California hospitals must consult with your next of kin if you become incapacitated or have an accident. The person the hospital contacts can make healthcare decisions since you cannot speak for yourself. However, hospitals must do this only if the state has a next-of-kin statute.
The next-of-kin statute in California
California is one of 45 states, along with the District of Columbia, that has a next-of-kin statute. It makes it possible for a surrogate chosen from your next of kin to make medical decisions on your behalf. The surrogate will make these decisions even if they weren’t chosen before you became incapacitated.
A person can get chosen as next-of-kin without being a blood relative. Your spouse, domestic partner or close friend can serve as your next of kin. The list also includes adult children, parents, adult relatives, siblings and grandchildren. In some cases, the person who brings you into the hospital can serve as the next of kin.
When there’s no next-of-kin law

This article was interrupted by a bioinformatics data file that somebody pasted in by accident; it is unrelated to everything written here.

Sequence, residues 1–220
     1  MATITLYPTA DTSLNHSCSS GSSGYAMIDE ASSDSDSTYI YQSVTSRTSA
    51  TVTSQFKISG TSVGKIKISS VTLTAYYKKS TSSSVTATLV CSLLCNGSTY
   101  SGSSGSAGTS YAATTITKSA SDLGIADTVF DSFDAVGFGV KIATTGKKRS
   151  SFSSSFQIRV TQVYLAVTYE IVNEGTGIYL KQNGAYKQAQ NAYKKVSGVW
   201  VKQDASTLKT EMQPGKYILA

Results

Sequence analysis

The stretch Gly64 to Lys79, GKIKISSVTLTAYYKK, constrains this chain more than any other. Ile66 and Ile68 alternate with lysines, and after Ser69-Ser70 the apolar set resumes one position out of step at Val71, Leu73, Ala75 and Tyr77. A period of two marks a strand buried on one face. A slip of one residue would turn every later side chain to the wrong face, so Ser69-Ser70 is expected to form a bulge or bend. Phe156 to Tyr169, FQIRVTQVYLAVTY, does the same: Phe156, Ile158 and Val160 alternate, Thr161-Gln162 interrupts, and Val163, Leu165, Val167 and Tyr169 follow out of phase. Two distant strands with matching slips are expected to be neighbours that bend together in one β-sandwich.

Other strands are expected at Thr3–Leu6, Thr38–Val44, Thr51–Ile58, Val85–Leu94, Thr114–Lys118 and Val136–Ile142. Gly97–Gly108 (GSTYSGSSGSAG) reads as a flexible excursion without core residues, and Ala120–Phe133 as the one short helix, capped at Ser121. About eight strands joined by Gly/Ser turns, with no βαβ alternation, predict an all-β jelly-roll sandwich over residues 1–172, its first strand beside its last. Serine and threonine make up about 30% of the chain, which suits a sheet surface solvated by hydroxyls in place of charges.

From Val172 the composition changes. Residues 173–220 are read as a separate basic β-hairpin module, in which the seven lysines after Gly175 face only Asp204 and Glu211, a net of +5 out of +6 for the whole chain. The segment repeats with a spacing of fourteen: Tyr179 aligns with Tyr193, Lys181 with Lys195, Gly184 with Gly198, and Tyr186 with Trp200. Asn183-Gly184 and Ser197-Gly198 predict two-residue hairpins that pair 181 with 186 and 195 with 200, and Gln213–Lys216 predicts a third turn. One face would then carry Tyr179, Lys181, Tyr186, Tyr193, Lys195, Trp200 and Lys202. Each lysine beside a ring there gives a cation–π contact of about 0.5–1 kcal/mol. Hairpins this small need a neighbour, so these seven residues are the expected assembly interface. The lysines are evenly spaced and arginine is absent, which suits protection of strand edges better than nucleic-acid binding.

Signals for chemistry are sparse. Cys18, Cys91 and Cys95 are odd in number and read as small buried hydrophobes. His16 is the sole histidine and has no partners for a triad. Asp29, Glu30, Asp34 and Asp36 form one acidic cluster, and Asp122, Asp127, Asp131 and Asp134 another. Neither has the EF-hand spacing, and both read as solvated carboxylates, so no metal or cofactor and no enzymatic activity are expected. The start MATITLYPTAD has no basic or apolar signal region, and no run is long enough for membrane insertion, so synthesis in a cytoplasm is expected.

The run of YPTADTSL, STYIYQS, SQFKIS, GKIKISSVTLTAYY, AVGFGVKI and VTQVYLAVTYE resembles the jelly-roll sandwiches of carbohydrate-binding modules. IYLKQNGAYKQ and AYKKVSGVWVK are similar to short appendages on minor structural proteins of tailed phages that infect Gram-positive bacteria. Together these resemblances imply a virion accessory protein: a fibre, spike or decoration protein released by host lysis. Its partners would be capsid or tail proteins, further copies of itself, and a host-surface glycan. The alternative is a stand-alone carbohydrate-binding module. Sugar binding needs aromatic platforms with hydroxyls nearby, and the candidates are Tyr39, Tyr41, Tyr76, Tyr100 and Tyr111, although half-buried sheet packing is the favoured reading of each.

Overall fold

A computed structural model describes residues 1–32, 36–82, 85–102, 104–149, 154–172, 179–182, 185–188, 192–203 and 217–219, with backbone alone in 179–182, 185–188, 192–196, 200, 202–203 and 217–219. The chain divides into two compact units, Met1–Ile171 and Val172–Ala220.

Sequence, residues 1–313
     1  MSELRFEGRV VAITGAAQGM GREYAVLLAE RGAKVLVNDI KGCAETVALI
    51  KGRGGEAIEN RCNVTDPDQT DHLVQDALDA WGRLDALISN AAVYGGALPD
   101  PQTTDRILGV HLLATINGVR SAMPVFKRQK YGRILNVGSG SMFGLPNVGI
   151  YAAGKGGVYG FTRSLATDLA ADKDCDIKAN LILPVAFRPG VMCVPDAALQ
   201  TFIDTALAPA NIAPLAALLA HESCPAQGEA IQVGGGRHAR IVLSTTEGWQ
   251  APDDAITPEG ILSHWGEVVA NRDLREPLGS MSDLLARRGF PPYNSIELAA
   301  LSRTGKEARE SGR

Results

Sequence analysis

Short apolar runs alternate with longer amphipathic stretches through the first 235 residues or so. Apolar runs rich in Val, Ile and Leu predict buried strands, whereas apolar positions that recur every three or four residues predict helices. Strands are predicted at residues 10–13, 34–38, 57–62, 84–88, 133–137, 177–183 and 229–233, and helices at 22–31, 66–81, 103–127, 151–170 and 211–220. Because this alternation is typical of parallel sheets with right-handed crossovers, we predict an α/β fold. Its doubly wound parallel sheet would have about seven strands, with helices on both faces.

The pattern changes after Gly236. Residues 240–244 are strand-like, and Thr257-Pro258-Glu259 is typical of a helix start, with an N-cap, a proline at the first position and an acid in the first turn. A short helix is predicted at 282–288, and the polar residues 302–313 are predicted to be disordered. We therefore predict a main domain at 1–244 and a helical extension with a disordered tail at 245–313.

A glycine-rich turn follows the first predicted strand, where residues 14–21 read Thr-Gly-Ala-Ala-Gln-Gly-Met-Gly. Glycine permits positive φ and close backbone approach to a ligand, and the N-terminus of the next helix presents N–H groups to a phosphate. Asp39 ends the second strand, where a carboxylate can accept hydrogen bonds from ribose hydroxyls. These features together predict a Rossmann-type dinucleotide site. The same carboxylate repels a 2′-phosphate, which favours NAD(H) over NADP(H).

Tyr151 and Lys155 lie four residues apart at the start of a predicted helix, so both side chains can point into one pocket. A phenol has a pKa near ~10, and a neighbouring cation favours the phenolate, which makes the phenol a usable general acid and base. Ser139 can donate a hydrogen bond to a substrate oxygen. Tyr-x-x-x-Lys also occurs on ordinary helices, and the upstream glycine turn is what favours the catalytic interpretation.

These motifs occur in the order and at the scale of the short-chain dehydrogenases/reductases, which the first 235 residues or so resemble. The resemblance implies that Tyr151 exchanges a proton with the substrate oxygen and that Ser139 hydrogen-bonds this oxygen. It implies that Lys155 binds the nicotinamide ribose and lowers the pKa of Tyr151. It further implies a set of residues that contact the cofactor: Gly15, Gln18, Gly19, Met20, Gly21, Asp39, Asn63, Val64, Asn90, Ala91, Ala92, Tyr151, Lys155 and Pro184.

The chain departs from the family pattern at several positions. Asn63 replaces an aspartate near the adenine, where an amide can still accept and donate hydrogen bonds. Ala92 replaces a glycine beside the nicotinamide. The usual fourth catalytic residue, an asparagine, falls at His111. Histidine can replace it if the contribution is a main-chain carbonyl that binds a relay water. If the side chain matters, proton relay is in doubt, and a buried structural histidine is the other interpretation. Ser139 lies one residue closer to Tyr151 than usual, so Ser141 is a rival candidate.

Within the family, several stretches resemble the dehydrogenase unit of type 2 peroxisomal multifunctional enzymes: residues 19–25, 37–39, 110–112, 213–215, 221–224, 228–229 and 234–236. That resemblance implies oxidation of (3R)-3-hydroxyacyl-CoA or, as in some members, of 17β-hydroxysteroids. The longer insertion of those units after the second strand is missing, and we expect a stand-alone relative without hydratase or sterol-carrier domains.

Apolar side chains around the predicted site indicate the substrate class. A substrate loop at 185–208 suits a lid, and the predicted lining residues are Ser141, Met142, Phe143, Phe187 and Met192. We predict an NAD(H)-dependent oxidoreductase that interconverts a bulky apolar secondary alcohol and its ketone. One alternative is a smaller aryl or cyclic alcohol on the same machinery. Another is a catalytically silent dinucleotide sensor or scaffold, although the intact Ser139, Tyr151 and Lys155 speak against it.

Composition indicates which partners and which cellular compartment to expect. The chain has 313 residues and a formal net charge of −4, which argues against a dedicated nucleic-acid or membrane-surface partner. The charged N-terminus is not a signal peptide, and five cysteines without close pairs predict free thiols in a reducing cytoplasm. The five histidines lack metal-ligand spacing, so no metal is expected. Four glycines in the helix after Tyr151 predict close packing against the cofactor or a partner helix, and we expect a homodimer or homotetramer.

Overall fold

Hospitals don’t have to consult with your next of kin if the state doesn’t have a next-of-kin statute. That means the hospital can make medical decisions on your behalf, no matter what your family wants.
If your state doesn’t have a next-of-kin statute, an advanced directive makes your wishes known and prevents them from making decisions on your behalf. You can include this as part of your estate planning. An advanced directive is a healthcare directive that appoints a surrogate to make medical decisions for you if you can’t make them. As long as the advanced directive is in place before you become incapacitated, the hospital must consult your surrogate.
It’s never a bad idea to prepare a plan in case something happens to you. Even though California has a next-of-kin statute in place to protect patients, Massachusetts, Missouri, Nebraska and New Jersey don’t, so if you travel to one of those states, having an advance directive in place could be important to you.